‘W.M. Spackman is often called the literary heir to F. Scott Fitzgerald—his tense, despairing young men of tarnished Depression-era America serving as the natural next generation to Fitzgerald’s glittery Roaring Twenties youths. The same people, attending the same parties and drinking the same bootleg alcohol, inhabit the Long Island Sound of Gatsby and the brownstone apartments of Spackman’s Princeton cohorts:
Around one or two in the morning, at most parties of that era, the milling company would begin to dwindle, and take on a kind of planetary movement, like an orrery, endlessly tangential and revolving. Constellations of guests would widen or contract, sidereal outlines swaying and loosening and re-forming under the hurtling impact of accretions flung loose from other revolving or decomposing worlds and seeking new orbits to join; a whole galaxy would explode in a sudden surge for drinks all round, to scatter carrying with them to other spheres, in a rain of fiery intellectual matter, the jokes, the topics, the disputes, the ideas, which the parent-star had generated to a white and whirling heat.
‘(Some poets see the universe in a grain of sand. Some see it in a frat party.)
‘The same girls flutter around looking decorative and delicious, the same boys hover near them looking hungry, and all have the same jaded regard for the future, as if living in the moment were the only option. But the guests at Gatsby’s parties think the future is not worth worrying over, while those in Spackman’s world know it has been lost to them before they ever had a chance to seize it.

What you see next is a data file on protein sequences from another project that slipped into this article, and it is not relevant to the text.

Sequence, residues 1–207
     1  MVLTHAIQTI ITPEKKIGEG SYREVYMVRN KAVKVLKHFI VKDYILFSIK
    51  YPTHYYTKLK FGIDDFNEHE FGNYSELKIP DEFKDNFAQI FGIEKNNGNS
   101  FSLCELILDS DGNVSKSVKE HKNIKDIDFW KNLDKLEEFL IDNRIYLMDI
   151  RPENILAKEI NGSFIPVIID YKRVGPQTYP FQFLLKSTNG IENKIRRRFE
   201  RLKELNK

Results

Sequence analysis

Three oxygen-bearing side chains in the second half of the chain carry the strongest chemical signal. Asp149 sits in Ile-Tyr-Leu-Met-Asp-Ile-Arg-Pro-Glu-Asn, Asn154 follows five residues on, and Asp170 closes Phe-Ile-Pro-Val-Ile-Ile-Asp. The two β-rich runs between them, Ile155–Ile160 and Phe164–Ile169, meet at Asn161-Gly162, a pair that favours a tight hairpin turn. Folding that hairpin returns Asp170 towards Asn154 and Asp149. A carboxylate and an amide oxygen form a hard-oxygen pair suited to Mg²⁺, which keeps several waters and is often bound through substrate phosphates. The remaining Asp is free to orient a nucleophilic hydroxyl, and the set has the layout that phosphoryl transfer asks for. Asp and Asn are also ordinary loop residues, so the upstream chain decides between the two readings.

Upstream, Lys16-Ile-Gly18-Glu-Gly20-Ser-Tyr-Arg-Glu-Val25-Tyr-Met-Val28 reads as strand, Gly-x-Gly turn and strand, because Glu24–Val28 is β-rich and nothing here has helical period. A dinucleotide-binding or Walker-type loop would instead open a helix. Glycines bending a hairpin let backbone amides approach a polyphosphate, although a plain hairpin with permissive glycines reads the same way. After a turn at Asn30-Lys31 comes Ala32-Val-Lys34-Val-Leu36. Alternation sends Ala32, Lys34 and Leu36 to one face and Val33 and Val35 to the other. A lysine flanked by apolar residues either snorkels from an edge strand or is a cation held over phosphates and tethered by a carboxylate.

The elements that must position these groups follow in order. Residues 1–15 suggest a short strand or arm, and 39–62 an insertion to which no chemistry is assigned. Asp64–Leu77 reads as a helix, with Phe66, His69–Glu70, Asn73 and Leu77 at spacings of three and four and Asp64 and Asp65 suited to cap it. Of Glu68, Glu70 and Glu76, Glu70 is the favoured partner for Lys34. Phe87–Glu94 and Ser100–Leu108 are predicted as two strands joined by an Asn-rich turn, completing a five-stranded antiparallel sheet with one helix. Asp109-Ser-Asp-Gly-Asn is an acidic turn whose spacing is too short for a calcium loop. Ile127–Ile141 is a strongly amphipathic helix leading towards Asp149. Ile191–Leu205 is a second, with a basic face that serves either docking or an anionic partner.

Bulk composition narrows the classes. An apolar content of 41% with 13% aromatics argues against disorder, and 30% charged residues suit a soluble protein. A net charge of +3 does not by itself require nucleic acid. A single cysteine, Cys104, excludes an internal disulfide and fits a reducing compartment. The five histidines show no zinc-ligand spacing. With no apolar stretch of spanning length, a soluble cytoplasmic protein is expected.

‘Heyday, like Gatsby, is about a man pursing a girl—each of them planets in their own orbit, each feeling the pull of the other’s gravity. The novel is somewhat awkwardly structured but beautifully told, sliding from one shimmering scene to the next while capturing both the charged hopelessness and the defiant gaiety of a generation robbed of its promise. Within the space of a few pages we hear why each of four men from the Class of ’27 committed suicide, and an account of a crisis at a dinner party where the escort hired to even out the seating turns out, unexpectedly, to be socially connected. Bright language and bitter humor are the hallmarks of Heyday; optimism, less so.
‘Most readers familiar with Spackman’s work discovered him not through his first novel, but his second. Heyday had long been out of print by the time Gordon Lish, editor of Esquire, came across serialized sections of the new book in an issue of Canto and demanded the editors at Knopf (who had rejected it the first time around) look at it again. It wasn’t that they had passed on it because they didn’t like the novel, but because a book about—how did I put it?—a man having a midlife crisis was not thought to be very marketable at the height of the feminist revolution. By 1978, though, the revolution was either over or no longer a threat to book sales, so when Lish brought the manuscript back around Knopf said yes. An Armful of Warm Girl, and its author (now in his 70s), finally found a publishing house to call home.